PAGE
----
Some people are drawn to the idea of having a well-known landmark in the background of their outdoor professional headshots when they are first looking at their options. Taking a picture of a cute animal is fine, but a messy or unattractive background can quickly ruin your shot. I used to come home from a shoot with a bunch of photos and find that many of them were good, but I had to throw them away because the background made them useless. The point is that you should pay attention to more than just the subject in the foreground of your picture.
Most people would think it’s a bad idea if they saw a famous person, a politician, or a business leader with a similar picture.
Business headshots with city or state capitals, bridges, or buildings in the background are common, but are they right for you?
Well, it depends. But I think the answer is “no.”
Reason #1: Most headshots are cropped as squares.
The most obvious reason you don’t want a landmark in the background of your headshots is that most places for headshots (business cards, LinkedIn profiles, email profiles, etc.) require a square crop.So, because the crop is close, your photographer must put the landmark right behind your head to get the shot.
So, you’ll put the landmark on your head like a hat…
If you have a place where you can put a wider-cropped photo, a landmark can make a great background.We also take pictures like that, but they’re not really “headshots”—they’re “business portraits.”
Reason #2: Landmarks are often taller than you are.
If you can’t take the picture from a helicopter or the top of a tall building, you’ll usually have to tilt the camera to get the whole landmark in the frame.
Most people look best when the camera is held between their mouth and their eyes and tilted slightly downward.For example, if you have a double chin that you want to hide or hide less, the worst angle is to shoot up. So, if you have to tilt the camera up so that a landmark fits in the background, the photo will not look good.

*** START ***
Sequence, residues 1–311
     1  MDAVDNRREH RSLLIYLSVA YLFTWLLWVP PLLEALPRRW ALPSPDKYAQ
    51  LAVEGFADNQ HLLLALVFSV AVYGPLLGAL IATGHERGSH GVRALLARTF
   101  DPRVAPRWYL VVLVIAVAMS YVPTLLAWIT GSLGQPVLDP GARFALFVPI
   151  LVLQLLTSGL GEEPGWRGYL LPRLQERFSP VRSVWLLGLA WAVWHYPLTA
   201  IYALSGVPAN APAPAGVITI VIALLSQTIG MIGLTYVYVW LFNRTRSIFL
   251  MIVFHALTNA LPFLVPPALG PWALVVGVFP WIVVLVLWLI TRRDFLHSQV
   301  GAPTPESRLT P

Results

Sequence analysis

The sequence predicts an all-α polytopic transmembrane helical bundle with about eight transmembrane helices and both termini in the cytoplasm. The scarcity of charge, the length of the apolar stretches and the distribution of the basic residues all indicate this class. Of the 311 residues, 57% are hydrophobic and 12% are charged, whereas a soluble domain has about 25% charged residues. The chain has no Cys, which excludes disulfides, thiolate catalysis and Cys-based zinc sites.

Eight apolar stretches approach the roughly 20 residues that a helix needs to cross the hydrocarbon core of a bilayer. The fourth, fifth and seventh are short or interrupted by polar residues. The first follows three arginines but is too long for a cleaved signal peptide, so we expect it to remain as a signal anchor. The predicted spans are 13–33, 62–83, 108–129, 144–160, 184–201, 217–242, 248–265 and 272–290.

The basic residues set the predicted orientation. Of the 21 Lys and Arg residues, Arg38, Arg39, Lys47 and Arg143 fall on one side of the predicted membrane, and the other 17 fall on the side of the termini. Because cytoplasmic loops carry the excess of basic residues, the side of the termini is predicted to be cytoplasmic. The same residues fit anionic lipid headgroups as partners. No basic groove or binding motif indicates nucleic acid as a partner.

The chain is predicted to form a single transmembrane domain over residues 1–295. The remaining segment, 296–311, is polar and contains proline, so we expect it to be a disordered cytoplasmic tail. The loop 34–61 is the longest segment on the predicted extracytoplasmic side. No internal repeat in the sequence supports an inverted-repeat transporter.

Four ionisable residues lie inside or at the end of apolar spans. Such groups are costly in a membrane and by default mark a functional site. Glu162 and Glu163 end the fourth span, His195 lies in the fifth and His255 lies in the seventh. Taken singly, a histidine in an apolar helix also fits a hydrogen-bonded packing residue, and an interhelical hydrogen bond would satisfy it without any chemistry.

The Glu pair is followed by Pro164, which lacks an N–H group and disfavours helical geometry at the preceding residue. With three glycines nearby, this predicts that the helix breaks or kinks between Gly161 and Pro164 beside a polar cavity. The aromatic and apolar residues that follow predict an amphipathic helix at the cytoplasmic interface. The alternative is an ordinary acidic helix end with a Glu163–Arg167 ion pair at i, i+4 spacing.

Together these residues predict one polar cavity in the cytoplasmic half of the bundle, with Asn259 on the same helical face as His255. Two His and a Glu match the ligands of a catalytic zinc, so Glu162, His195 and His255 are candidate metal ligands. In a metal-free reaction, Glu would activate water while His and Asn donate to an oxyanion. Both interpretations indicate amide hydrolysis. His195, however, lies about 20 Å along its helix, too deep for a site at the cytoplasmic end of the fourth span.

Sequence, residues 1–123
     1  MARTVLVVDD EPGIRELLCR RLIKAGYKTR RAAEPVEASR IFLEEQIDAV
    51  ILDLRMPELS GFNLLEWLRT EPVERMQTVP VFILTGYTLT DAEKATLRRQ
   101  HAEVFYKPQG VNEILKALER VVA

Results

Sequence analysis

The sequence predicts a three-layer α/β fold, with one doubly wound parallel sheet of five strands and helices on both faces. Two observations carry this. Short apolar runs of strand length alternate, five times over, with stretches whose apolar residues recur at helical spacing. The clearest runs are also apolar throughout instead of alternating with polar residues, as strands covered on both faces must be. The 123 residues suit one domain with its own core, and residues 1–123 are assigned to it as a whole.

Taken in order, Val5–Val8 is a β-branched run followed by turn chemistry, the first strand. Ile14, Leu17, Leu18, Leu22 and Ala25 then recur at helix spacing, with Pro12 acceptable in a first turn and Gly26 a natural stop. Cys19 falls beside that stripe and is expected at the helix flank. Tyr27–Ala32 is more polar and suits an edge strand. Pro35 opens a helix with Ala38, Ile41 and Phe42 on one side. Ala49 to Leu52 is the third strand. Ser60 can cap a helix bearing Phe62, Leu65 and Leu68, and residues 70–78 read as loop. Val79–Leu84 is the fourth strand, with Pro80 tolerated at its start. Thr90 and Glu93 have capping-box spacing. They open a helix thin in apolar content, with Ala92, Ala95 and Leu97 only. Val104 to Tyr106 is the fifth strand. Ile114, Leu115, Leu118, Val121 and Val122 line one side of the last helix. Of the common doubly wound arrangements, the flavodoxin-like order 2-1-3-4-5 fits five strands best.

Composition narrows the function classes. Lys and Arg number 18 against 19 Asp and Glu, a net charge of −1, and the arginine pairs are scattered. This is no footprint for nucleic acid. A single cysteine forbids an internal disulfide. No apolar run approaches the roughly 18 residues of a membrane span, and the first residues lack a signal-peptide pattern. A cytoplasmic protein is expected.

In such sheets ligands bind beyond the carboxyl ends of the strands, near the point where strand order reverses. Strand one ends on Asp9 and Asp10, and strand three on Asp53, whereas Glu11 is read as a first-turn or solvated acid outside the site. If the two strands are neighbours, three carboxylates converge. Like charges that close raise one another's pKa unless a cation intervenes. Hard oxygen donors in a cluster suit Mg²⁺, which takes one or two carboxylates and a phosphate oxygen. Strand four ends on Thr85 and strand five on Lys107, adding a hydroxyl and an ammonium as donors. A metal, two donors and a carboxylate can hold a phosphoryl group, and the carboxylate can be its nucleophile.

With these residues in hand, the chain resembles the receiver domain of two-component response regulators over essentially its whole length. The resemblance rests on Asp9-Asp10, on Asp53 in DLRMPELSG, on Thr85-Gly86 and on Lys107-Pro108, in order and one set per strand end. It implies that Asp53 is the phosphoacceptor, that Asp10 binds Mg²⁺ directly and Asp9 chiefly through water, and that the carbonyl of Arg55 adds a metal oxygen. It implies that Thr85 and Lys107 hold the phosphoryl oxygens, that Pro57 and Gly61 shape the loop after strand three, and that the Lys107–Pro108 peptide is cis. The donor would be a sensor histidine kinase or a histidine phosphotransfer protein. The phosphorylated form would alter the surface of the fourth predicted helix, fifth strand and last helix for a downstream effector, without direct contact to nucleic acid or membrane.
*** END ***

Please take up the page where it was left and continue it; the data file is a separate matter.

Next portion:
You might like that angle if you have a strong jawline. It can make the person look heroic because the viewer looks up at them.But many people would rather look a bit slimmer, so scheduling a headshot near a landmark is a waste of energy. You’ll like the photos tilted down (so the floor is in the background) better anyway.
#3: Landmarks are a distraction
Does this picture show you or the place?
A landmark in your photo is a distraction and may make you appear to be playing second fiddle to a building unrelated to your industry or profession.
If you own the building, run the building, or work in a nearby hotel that uses the building, it might be okay.While a “blurry city” background is popular and effective, it will most likely be a distraction if you want to include a specific recognizable landmark.
However, you probably can leave that structure out of your headshot. A banner at the top of your website would be a better place for that kind of picture.You’ll crop the landmark out of your LinkedIn profile photo or business card anyway. So, why bother with people, wind, or other things that might hinder your shoot?
Reason #4: Getting good lighting on both you and a landmark is twice as hard.
Getting the right lighting that looks good on you is not easy. This is one reason we take at least 20 photos in each session and, in most cases, more than 40.
No matter how skilled the photographer is, it is easier to make you and the landmark look good in a headshot than to make only one look good.The light that works for your face may be too bright or dark for the landmark. You likely won’t look good in a shot showing how big the landmark is.
So, if you want to look your best, you should pay attention to the light in your room.
—It’s great to take a picture of a cute animal, but a messy or unattractive background can quickly ruin the picture. I used to come home from a shoot with a bunch of photos and find that many of them were good, but I had to throw them away because the background made them useless. The point is that you should pay attention to more than just the subject in the foreground of your picture.
In conclusion, we suggest a separate shoot from your headshot if you want a professional photo with a local or otherwise important landmark.If you want to use a landmark, you should probably take the photo against a solid white background and add the background later in editing. You can make these photos look great with some editing, and it’s even better that you won’t have to deal with crowds or lighting that’s twice as hard to capture.